Risa B. Burns, MD, MPH; C. Christopher Smith, MD; Robert H. Shmerling, MD; Anjala Tess, MD
Acknowledgment: The authors thank the patient for sharing his story.
Grant Support: Beyond the Guidelines receives no external support.
Disclosures: Authors have disclosed no conflicts of interest. Forms can be viewed at www.acponline.org/authors/icmje/ConflictOfInterestForms.do?msNum=M18-2548.
Editors' Disclosures: Christine Laine, MD, MPH, Editor in Chief, reports that her spouse has stock options/holdings with Targeted Diagnostics and Therapeutics. Darren B. Taichman, MD, PhD, Executive Editor, reports that he has no financial relationships or interests to disclose. Cynthia D. Mulrow, MD, MSc, Senior Deputy Editor, reports that she has no relationships or interests to disclose. Deborah Cotton, MD, MPH, Deputy Editor, reports that she has no financial relationships or interest to disclose. Jaya K. Rao, MD, MHS, Deputy Editor, reports that she has stock holdings/options in Eli Lilly and Pfizer. Sankey V. Williams, MD, Deputy Editor, reports that he has no financial relationships or interests to disclose. Catharine B. Stack, PhD, MS, Deputy Editor for Statistics, reports that she has stock holdings in Proctor & Gamble, Pfizer, and Johnson & Johnson.
Corresponding Author: Risa B. Burns, MD, Division of General Medicine and Primary Care, Beth Israel Deaconess Medical Center, E/Yamins 102, 330 Brookline Avenue, Boston, MA 02215; e-mail, email@example.com.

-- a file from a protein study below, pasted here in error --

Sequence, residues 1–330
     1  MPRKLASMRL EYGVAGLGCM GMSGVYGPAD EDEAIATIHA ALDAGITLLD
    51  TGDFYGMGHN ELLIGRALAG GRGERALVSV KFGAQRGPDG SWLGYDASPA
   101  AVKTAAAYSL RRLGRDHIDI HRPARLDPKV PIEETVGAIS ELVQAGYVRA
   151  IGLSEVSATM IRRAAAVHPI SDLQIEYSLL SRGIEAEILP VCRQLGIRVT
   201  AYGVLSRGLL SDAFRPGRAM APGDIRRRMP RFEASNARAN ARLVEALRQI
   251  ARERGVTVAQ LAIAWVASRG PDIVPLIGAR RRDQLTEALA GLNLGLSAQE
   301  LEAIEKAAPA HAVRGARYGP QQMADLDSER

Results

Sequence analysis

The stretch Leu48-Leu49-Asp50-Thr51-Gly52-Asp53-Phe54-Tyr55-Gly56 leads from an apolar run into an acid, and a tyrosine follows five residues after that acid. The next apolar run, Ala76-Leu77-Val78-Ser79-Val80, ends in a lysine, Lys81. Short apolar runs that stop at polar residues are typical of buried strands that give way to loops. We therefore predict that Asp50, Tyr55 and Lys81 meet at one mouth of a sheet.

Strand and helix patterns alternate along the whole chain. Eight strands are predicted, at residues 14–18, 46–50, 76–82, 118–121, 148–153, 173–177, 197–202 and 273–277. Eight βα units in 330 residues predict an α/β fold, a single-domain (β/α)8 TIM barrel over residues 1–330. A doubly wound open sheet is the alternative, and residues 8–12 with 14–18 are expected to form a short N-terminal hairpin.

Current Author Addresses: Drs. Burns, Smith, Shmerling, and Tess: Beth Israel Deaconess Medical Center, 330 Brookline Avenue, Boston, MA 02215.
Gout is the most common form of inflammatory arthritis. In 2012, the American College of Rheumatology (ACR) issued a guideline, which was followed in 2017 by one from the American College of Physicians (ACP). The guidelines agree on treating acute gout with a corticosteroid, nonsteroidal anti-inflammatory drug, or colchicine and on not initiating long-term urate-lowering therapy (ULT) for most patients after a first gout attack and in those whose attacks are infrequent (<2 per year). However, they differ on treatment of both recurrent gout and problematic gout. The ACR advocates a “treat-to-target” approach, and the ACP did not find enough evidence to support this approach and offered an alternative strategy that bases intensity of ULT on the goal of avoiding recurrent gout attacks (“treat-to-avoid-symptoms”) with no monitoring of urate levels. They also disagree on the role of a gout-specific diet. Here, a general internist and a rheumatologist discuss these guidelines; they debate how they would manage an acute attack of gout, if and when to initiate ULT, and the goals for ULT. Lastly, they offer specific advice for a patient who is uncertain about whether to begin this therapy.
Burns RB, Smith CC, Shmerling RH, Tess A. How Would You Manage This Patient With Gout?: Grand Rounds Discussion From Beth Israel Deaconess Medical Center. Ann Intern Med. ;169:788–795. doi: 10.7326/M18-2548
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Published: Ann Intern Med. 2018;169(11):788-795.
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